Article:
Julia: I think I learned about synesthesia in college. Honestly, I wonder if I really have much of it at all. I always associated numbers and letters with colors, but just in my head. Until I learned about synesthesia, I thought everyone did that. I don’t see colors when I look at text on a page, it’s more like in my mind the letter D has to be green, 8 is a cool, dark color, etc. That said, becoming aware of it and learning how our senses can be connected has certainly changed how I see the world. I like what you said in your article “The ability to successfully link apparently unrelated ideas and concepts is the very definition of creativity.” I think I’ve subconsciously explored that in both my collage and floral work— grouping unexpected things together based on color and using repetitive “rhythmic lines and shapes.” The collages I’ve been making started off more as a design exercise before turning into their own obsession…
Monica: Do you have any images of your work for collages and floral arrangements that you think best illustrate the ideas of repetitive rhythmic lines and shapes,and also your exploration of linking unrelated ideas and concepts? For me, my paintings are illustrations of both of these concepts. I find that picking out the paints and materials is one big meditation. I stand in front of cans and tubes of paint silently. Then, a particular color will grab my attention and a sort of creative, ecstatic energy guides me. I’m very absorbed by the process of picking out colors; they each seem to have this emotional language that captures my attention. It’s an experience that is really outside of words and letters, so it can be difficult to explain . . . but I feel a variety of emotions and states of being when I look at different hues and colors. This is one of the types of synesthesia, and Joan Mitchell talked a lot about the emotional states of her paintings this when describing her creative process.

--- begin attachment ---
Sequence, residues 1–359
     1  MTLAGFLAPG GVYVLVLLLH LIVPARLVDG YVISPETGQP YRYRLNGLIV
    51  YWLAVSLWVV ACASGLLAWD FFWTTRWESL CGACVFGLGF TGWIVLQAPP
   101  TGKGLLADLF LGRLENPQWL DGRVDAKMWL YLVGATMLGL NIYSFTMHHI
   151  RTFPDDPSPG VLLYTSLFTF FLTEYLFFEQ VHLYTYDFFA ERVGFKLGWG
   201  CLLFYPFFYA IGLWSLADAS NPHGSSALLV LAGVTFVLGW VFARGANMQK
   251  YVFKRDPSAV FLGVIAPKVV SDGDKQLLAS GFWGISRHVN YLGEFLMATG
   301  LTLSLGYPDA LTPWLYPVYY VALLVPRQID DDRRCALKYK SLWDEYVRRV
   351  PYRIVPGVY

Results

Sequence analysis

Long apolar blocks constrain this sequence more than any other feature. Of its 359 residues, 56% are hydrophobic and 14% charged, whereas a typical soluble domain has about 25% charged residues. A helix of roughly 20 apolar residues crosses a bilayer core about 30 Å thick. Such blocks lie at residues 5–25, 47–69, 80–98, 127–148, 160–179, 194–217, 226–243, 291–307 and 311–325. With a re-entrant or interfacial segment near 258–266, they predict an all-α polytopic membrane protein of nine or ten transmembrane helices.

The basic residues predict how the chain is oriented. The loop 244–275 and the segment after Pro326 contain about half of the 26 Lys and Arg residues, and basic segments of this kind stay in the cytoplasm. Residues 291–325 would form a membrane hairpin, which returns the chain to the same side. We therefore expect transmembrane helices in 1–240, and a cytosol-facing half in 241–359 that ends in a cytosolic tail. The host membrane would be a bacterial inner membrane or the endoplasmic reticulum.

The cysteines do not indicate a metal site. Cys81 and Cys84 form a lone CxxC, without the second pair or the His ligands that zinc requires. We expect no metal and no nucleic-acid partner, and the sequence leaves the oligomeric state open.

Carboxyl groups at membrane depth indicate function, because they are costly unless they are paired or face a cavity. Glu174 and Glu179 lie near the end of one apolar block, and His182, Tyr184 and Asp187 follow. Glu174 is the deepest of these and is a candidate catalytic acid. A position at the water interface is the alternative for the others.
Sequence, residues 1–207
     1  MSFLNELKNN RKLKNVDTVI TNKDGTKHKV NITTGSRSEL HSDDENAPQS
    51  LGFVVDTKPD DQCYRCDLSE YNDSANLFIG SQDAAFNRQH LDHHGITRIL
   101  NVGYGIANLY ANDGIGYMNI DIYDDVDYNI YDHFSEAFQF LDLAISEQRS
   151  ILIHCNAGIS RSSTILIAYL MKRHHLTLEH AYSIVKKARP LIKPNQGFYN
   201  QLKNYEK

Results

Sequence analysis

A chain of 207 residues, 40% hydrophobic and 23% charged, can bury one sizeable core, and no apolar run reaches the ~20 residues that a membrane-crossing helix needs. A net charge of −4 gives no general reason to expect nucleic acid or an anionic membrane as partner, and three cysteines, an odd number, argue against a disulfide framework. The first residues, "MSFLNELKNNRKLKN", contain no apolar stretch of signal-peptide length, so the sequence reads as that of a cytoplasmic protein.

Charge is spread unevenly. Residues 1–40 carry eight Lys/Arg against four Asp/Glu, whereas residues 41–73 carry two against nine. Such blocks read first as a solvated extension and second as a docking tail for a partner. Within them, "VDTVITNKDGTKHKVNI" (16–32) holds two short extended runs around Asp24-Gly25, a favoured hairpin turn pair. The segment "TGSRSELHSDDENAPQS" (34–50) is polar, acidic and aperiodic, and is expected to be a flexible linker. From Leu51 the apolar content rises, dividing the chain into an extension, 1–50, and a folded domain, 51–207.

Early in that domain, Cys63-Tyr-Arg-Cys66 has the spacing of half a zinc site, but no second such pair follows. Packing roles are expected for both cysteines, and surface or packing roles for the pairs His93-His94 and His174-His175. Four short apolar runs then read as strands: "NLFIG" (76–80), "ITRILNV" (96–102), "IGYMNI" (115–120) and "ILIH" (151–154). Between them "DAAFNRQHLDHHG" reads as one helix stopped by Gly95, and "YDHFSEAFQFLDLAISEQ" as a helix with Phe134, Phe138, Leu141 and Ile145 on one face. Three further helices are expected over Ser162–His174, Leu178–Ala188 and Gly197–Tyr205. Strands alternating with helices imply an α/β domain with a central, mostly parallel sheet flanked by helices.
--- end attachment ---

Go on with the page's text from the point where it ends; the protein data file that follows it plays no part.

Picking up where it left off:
- I no longer have to focus on the misfortunes of the past or on judging myself.
- Each moment, I can direct my focus towards the pursuit of happiness instead of tearing myself down.